Missing Mister Rogers

We mourn the passing of Fred McFeely Rogers, our neighbor and dear friend

As comic strips and radio serials shaped children of earlier generations, so television shows formed the children of the 1980s. Ours is a generation that can sing the opening strains of the Sesame Street theme song, a generation that read along with Lavar Burton and a generation that can name the majority of the Muppets. Because ours is a generation of children reared on television, college students felt a personal sense of loss on learning last week that Mister Rogers, the television neighbor of our childhood, had died of stomach cancer at 74.

For more than 30 years, Fred McFeely Rogers zipped his cardigan, replaced his shoes, and taught children how to come to terms with a sometimes-frightening world. With songs, educational films delivered by the speedy deliveryman and an ironclad routine of clothes-changing, fish-feeding and trolley visits to the Neighborhood of Make-Believe, Mister Rogers’ Neighborhood lent our young lives a reassuring sense of order. It was not the use of stunning visual effects, the gripping nature of the plot line, or the intensity of the characters that kept us watching the man who played piano when he’s mad (he liked to get his feelings out through his fingers), but the knowledge that every one of Mr. Rogers’ 870 entrances and trademark disrobings would bring a half-hour of serene predictability.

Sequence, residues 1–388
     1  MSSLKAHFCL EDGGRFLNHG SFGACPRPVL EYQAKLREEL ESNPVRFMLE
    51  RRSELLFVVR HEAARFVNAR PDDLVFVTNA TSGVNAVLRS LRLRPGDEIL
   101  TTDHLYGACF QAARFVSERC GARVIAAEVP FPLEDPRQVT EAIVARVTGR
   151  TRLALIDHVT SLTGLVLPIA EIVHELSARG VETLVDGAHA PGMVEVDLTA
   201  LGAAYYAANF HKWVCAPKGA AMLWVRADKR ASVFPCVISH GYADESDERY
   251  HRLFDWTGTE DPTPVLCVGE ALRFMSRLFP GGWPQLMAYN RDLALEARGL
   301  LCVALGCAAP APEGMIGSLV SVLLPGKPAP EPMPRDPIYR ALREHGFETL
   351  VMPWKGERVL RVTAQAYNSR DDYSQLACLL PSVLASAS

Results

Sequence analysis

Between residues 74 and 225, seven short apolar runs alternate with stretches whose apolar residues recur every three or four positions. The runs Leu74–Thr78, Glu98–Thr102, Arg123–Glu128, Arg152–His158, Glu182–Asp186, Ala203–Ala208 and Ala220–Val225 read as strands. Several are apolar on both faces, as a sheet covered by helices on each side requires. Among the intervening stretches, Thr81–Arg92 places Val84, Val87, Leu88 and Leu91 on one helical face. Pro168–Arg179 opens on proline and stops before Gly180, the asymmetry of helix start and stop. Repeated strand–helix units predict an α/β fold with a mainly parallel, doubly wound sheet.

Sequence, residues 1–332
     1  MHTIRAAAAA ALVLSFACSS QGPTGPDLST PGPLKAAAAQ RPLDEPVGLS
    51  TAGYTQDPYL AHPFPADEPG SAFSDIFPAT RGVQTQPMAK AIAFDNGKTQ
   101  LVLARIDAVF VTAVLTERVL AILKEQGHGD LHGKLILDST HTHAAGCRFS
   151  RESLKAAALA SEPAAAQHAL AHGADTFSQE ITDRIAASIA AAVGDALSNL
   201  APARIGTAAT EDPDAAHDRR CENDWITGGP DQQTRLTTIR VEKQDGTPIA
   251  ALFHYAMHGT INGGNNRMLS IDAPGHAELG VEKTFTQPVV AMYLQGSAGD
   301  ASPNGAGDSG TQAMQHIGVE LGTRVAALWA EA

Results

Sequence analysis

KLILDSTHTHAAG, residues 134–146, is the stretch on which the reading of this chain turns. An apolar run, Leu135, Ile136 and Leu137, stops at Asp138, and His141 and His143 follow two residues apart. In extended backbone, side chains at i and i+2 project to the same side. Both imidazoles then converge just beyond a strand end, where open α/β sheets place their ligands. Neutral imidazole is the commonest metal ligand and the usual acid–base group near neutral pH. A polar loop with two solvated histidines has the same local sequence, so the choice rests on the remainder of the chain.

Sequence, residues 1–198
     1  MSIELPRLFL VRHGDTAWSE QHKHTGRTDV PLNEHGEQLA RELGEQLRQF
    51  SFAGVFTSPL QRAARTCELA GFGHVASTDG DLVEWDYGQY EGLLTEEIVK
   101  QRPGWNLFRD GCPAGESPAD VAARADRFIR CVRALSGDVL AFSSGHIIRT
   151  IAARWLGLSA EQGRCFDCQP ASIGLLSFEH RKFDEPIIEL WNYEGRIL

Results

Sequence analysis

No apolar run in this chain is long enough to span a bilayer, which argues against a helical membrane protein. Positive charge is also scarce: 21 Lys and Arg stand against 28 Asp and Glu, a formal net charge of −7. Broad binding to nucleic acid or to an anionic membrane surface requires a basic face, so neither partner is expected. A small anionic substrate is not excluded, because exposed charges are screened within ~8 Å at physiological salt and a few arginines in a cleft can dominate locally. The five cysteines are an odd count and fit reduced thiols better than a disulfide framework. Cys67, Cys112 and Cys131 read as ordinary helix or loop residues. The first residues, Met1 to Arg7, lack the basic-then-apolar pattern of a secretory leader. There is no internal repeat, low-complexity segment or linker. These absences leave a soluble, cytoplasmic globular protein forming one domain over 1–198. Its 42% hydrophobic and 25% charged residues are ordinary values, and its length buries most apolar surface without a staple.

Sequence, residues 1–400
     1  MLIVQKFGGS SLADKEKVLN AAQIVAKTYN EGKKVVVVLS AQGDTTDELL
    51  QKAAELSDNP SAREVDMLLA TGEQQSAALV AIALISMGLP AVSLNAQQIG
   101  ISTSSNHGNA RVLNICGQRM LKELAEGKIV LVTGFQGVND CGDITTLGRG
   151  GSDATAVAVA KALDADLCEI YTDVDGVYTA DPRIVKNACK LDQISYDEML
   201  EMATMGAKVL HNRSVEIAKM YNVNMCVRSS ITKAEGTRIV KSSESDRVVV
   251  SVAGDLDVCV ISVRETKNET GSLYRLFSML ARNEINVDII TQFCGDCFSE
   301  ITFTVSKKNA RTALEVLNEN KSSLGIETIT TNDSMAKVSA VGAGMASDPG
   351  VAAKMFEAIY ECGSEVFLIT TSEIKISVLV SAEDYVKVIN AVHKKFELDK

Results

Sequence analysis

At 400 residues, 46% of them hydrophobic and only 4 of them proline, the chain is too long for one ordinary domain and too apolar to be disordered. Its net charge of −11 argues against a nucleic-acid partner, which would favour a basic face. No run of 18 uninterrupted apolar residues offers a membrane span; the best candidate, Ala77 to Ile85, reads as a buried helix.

Through his television show, Mister Rogers taught us both how to confront our fears about issues like death anddivorce, and to use our imaginations. Most of all, Mister Rogers encouraged us to be comfortable with who we are. An ordained Presbyterian minister, Rogers was said by those who knew him personally to be the same person in real life that he was on the air—kind, generous and calm.

As an educator, Mister Rogers tried to impart these qualities to his young viewers. It is a testament to his gifts as a teacher that even today, many young adults retain the lessons Mister Rogers taught them in their childhood; our neighborliness, our ability to confront our fears and even the routines we perform each day upon returning home are attributable at least in part to the kind man in the red cardigan who visited with presidents, filmed an episode in communist Russia, won an Emmy Lifetime Achievement award and asked us to be his neighbor.

For those of us who owe an enormous part of our childhood education to programs like his, we know that we are no longer as easily put at ease by television as we once were. This week we mourn not just Mister Rogers, but also the part of ourselves that dies with him. Not only will we miss the man who came into our homes to provide comfort, but also our ability to be comforted by him.